C++ the complete reference
C++ the complete reference
C++ the complete reference
C++ the complete reference
C++ the complete reference
C++ the complete reference
C++ the complete reference
C++ the complete reference
C++ the complete reference
C++ the complete reference
C++ the complete reference
C++ the complete reference
C++ the complete reference
C++ the complete reference
C++ the complete reference
C++ the complete reference
C++ the complete reference
C++ the complete reference
C++ the complete reference
C++ the complete reference
C++ the complete reference
C++ the complete reference
C++ the complete reference
C++ the complete reference
C++ the complete reference
C++ the complete reference
C++ the complete reference
C++ the complete reference
C++ the complete reference
C++ the complete reference
C++ the complete reference
C++ the complete reference
C++ the complete reference
C++ the complete reference
C++ the complete reference
C++ the complete reference
C++ the complete reference
C++ the complete reference
C++ the complete reference
C++ the complete reference
C++ the complete reference
C++ the complete reference
C++ the complete reference
C++ the complete reference
C++ the complete reference
C++ the complete reference
C++ the complete reference
C++ the complete reference
C++ the complete reference
C++ the complete reference
C++ the complete reference
C++ the complete reference
C++ the complete reference
C++ the complete reference
C++ the complete reference
C++ the complete reference
C++ the complete reference
C++ the complete reference
C++ the complete reference
C++ the complete reference
C++ the complete reference
C++ the complete reference
C++ the complete reference
C++ the complete reference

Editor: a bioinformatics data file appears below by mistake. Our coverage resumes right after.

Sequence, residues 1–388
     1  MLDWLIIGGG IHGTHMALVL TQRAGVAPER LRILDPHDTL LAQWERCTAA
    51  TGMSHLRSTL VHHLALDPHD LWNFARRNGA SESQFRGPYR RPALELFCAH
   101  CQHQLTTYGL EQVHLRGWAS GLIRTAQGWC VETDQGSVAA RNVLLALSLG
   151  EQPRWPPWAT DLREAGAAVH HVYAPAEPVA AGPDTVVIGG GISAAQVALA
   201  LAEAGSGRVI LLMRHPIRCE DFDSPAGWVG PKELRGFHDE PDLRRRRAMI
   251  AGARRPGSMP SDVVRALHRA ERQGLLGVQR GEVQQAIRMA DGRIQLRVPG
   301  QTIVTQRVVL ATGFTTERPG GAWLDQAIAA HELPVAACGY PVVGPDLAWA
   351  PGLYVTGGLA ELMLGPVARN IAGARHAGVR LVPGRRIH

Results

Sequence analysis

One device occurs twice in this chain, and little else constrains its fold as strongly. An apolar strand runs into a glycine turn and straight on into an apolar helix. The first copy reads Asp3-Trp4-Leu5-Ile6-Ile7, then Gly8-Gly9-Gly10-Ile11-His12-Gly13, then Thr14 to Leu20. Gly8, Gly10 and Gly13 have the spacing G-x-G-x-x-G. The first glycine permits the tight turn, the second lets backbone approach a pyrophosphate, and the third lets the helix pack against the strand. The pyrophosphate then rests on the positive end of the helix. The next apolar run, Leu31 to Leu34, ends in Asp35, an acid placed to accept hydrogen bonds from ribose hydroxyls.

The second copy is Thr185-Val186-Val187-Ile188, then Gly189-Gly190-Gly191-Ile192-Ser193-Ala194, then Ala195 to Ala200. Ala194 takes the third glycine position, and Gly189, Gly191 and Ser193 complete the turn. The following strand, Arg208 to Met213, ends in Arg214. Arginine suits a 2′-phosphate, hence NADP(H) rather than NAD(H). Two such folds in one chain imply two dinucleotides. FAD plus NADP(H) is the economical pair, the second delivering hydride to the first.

C++ the complete reference
C++ the complete reference
C++ the complete reference
C++ the complete reference
C++ the complete reference
C++ the complete reference
C++ the complete reference
C++ the complete reference
C++ the complete reference
C++ the complete reference
C++ the complete reference
C++ the complete reference
C++ the complete reference
C++ the complete reference
C++ the complete reference
C++ the complete reference
C++ the complete reference
C++ the complete reference
C++ the complete reference
C++ the complete reference
C++ the complete reference
C++ the complete reference
C++ the complete reference
C++ the complete reference
C++ the complete reference
C++ the complete reference
C++ the complete reference
C++ the complete reference
C++ the complete reference
C++ the complete reference
C++ the complete reference
C++ the complete reference
C++ the complete reference
C++ the complete reference
C++ the complete reference
C++ the complete reference
C++ the complete reference
C++ the complete reference
C++ the complete reference
C++ the complete reference
C++ the complete reference
C++ the complete reference
C++ the complete reference
C++ the complete reference
C++ the complete reference
C++ the complete reference
C++ the complete reference
C++ the complete reference
C++ the complete reference
C++ the complete reference
C++ the complete reference
C++ the complete reference
C++ the complete reference
C++ the complete reference
C++ the complete reference
C++ the complete reference
C++ the complete reference
C++ the complete reference
C++ the complete reference
C++ the complete reference
C++ the complete reference
C++ the complete reference
C++ the complete reference
C++ the complete reference
C++ the complete reference
C++ the complete reference
C++ the complete reference
C++ the complete reference
C++ the complete reference
C++ the complete reference
C++ the complete reference
C++ the complete reference
C++ the complete reference
C++ the complete reference
C++ the complete reference
C++ the complete reference
C++ the complete reference
C++ the complete reference
C++ the complete reference
C++ the complete reference
C++ the complete reference
C++ the complete reference
C++ the complete reference
C++ the complete reference
C++ the complete reference
C++ the complete reference
C++ the complete reference
C++ the complete reference
C++ the complete reference